HomeThought LeadershipConsidering Smart & Intelligent Buildings and Spaces

Considering Smart & Intelligent Buildings and Spaces

I recently had the opportunity to present Vanti’s thoughts on Smart & Intelligent Buildings during UK Construction Week 2015 at the NEC in Birmingham. We used the show as an opportunity to consolidate our research to date, engage in conversations with construction industry professionals and attempt to help answer the question ‘What really makes a Smart or Intelligent space?’

We started with the premise that by having ‘Smart’ spaces, we must inherently have ‘Dumb’ spaces too. This led us to consider retrofit projects we’ve been involved with where we’ve tried to introduce the latest technology for people but have been limited or hampered by existing legacy infrastructure.

We then considered the move towards Intelligent Buildings and the focus on self-optimising spaces that are underpinned by principals such as sustainability, waste minimisation, reductions in pollution and the wellbeing of its occupants. Although definitions differ and the considerations of intelligent buildings are very broad, we believe that many of the outcomes being discussed will be both underpinned by technology and have at least some reliance on artificial intelligence techniques (narrowband or specialist to begin with, broadening to more general intelligence as the technology matures).

Our thinking and research led us to create the following spectrum (click to enlarge):

Between Dumb and Smart we see buildings reliant on non-standard or proprietary physical infrastructure. Newer buildings suffer less with this issue due to the now wide-spread adoption of structured cabling. However, attempting to retrofit smart or intelligent technology in to these buildings or spaces is likely to have a higher upfront cost due to the physical nature of the infrastructure that needs to be brought up to standard.

The switch to ‘Smart’ occurs where we start moving away from strict rules-based behaviour such as a dumb thermostat triggering the heating to come on, regardless of whether anyone is actually present in the space that it’s warming up. The stage of ‘basic system integration’ is where we see the sum of the whole smart system creating outcomes greater than that of the individual components.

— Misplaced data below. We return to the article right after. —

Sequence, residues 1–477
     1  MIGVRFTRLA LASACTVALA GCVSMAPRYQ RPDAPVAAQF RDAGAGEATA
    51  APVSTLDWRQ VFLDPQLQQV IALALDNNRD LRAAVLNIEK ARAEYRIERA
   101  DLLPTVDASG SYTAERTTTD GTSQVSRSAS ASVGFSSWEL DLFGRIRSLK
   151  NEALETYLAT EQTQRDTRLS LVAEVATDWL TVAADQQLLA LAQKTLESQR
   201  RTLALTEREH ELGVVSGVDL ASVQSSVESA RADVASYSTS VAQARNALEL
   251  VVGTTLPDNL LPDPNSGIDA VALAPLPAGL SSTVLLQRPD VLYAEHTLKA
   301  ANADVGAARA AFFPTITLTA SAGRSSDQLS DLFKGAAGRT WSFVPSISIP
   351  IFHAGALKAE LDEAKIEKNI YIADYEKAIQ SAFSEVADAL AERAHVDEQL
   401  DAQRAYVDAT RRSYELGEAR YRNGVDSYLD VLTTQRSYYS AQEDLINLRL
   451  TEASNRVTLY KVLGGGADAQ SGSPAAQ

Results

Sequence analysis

As a technology integrator we believe we’re currently at the stage of ‘Automagic’, that is to say we’re able to create experiences for people using spaces whereby they are largely unaware of the technology systems they’re interacting with but they are able to change the state of the space around them by using consistent user interfaces, usually via touch panels or mobile devices.

But unfortunately, Automagic is as far as we can get along this spectrum until the construction and technology industries start working more closely together. In order to advance further towards better insight and reporting, having technology adapt to the way people work, introducing preference learning and eventually moving towards self-optimisation, there needs to be an acknowledgement that technical architecture and technical architects are required at the design stage of these buildings and spaces.

The reason these skills are essential is to ensure that in the deployment of smart and intelligent technologies there is:

  • System interoperability – a ‘one size fits all’ approach to designing and implementing these complex, interrelated systems is impossible. Instead, multiple best of breed technologies will need to be engineered to work together and most importantly, be able to be changed over time (technology will need to be refreshed at least 4-5 times in a building lifecycle of 25 years).
  • Data ownership – master data needs to be defined and that data needs to be made available in a robust and resilient way
  • Security – with multiple vendors likely to be involved in complex component system deployments in their own right, solid security practices need to be designed and enforced across all in-building technology
  • Testing – component testing is essential but use cases and stress tests need to be properly designed not only to ensure that failure modes have been considered but also to make sure there is adequate capacity in place to support real-world, simultaneous use of systems throughout the space or building.

Our work is now focused on how we enable truly converged infrastructure at both physical and software layers. There’s a lot to do but we’re excited to be a part of the journey towards Smart & Intelligent buildings and spaces.

We’re keen to talk more about this, especially with potential partners in the construction industry. Do get in touch to arrange a coffee and a chat.